Mar 262014


James Jasper, motor brakeman, and his family e...

(J. Jasper, motor brakeman, and his family eat dinner in their kitchen in home in company housing project. Koppers. Photo credit: Wikipedia)


Haven’t  you ever wished there was ONE single, simple thing that you could do to help your kids be strong and safe?

Most parents worry about how their children will react to alcohol, tobacco and other drugs…. not to mention stressing about grades, higher education and whether or not there’s involvement in some portion of the bullying triangle.

But if there really was one simple action you could take to help your child in ALL of those areas, you’d do it, right?  Of course you would.

It turns out there is such a thing.  It’s called ‘family dinner.’  It turns out that besides building strong bodies dinner together also builds resilience: the skills that make up our ability to bounce back from tough times.  Kids who have those skills tend to make choices that are in their own best interest.   In other words, building ‘bounce back’ helps increase the odds that our children will stay drug-free and stay in school.

In addition, according to, young people whose parents teach them about  risks related to the use of alcohol and other drugs are up to 50% less likely to use than those who do not!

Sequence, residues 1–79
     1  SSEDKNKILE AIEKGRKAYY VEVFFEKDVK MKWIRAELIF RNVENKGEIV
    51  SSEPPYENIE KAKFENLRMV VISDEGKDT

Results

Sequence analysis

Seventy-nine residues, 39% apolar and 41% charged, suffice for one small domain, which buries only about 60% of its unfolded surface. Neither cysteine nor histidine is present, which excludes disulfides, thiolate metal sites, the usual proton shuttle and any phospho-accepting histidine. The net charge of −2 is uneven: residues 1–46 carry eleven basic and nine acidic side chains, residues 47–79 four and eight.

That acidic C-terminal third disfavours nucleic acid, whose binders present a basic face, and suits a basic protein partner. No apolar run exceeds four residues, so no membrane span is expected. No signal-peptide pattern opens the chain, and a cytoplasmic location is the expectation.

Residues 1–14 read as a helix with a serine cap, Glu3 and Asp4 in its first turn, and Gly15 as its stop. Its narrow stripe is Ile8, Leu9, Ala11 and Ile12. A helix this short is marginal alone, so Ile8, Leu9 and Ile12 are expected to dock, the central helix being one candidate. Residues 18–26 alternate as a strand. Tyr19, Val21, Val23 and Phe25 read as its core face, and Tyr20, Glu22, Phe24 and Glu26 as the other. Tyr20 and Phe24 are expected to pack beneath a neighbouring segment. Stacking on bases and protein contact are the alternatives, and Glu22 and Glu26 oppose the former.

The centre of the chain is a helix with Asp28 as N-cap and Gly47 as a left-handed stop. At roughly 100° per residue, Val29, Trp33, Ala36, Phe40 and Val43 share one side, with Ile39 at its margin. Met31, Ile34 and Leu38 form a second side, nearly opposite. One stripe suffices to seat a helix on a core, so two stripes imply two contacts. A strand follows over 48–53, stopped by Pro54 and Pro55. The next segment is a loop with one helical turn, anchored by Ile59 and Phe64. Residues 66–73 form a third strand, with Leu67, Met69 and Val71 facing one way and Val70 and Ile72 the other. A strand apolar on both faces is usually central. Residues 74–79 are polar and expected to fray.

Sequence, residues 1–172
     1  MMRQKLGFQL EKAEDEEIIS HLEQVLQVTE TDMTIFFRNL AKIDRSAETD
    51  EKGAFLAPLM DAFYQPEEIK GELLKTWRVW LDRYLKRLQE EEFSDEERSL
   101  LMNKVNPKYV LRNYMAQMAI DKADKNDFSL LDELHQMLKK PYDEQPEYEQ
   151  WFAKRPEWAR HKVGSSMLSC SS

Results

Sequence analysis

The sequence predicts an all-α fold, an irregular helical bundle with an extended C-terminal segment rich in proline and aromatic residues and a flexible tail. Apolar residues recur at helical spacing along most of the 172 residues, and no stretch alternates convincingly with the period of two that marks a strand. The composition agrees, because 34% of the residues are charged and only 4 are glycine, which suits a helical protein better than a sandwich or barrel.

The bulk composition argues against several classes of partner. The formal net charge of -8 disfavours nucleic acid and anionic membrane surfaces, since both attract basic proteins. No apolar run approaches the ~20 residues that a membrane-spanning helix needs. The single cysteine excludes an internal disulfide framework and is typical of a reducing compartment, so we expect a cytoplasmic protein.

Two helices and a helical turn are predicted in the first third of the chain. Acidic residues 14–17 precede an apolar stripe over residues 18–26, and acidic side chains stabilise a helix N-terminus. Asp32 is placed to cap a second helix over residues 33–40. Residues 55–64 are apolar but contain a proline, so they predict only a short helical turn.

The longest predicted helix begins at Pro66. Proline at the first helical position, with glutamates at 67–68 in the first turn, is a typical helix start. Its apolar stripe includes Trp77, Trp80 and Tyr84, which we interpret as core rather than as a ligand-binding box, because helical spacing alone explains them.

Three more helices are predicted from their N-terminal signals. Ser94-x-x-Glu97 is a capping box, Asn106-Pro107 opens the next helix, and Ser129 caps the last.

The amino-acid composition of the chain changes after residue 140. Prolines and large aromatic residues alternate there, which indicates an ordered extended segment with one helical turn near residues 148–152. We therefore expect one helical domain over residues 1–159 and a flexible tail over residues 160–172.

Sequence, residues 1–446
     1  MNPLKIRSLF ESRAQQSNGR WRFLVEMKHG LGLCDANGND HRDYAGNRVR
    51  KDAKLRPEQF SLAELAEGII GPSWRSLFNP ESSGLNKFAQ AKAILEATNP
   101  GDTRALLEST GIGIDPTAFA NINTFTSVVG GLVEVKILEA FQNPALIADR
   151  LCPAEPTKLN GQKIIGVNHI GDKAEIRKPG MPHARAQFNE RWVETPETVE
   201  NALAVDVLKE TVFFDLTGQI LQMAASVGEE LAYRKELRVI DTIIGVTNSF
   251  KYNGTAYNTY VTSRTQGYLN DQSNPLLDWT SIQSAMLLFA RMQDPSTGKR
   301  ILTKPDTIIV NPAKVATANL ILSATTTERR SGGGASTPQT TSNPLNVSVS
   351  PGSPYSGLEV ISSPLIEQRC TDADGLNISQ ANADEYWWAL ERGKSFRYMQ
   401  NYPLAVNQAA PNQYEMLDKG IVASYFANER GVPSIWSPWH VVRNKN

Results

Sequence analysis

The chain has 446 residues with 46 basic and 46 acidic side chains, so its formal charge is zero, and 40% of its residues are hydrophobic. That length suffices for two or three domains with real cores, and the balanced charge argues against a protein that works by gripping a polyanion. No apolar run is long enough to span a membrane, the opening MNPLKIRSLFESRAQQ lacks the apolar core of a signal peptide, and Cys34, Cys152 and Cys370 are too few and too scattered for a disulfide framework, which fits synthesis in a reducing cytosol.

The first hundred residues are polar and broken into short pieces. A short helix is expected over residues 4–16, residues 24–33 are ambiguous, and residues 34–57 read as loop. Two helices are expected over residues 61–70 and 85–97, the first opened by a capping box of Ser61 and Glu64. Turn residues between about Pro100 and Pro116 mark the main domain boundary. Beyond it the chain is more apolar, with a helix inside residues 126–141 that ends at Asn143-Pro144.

Ready for more good news?  There are actions parents can take to influence their children’s resilience: one of  them is having dinner together as a family.  When we know what is happening in our kids’ lives parents are better able to provide leadership, support and guidance.  A few minutes of quality communication each day is a good start.


Want more info like this?  Be sure to check out our Resources for Parents page. (And of course, always feel free to suggest the ones you’d like me to add!)




Enhanced by Zemanta
Jan 252013

OK… that may not have been fair. But a provocative headline might get you to look…. and maybe you’ll share what you find… and….

In this case MOB stands for ‘Moms Opposed to Bullying’ from the blog created by Beth Kohlhoff.

I connected with Beth in response to a wonderful post about workplace bullying. In it she asked ‘why are we waiting until people are grown before we deal with this?’

Delighted that she was focused on ‘raising good grown-ups’ I read on. She writes “I believe we need to address the issue BEFORE our children become loners, shooters, bullies, druggies, preppies, jocks, and all of the other groups that aim at stigmatizing and categorizing our children.”

I like her blog — and I like her plan. If you’re looking for an extensive collection of high-quality links on this topic, Moms Opposed to Bullying is a great place to start.

Jan 042013

Great post from Annie Fox’s blog.

We haven’t ‘talked’ about bullying here for a bit  – but when I found this post it was too good to pass up.

I left her a long comment (probably TOO long) but what I like about this post is that it starts to shift responsibility for solving the problem.  I have long been concerned that many of the actions we ask bullying victims to take (tell an adult, walk with friends, stand your ground, ignore them, etc) sets these kids up for additional injury.  After all, aren’t kids sometimes targeted precisely BECAUSE they don’t have an adequate support system?

Anyway… “Brava, Annie Fox.”

My child? A bully?!! Part 1.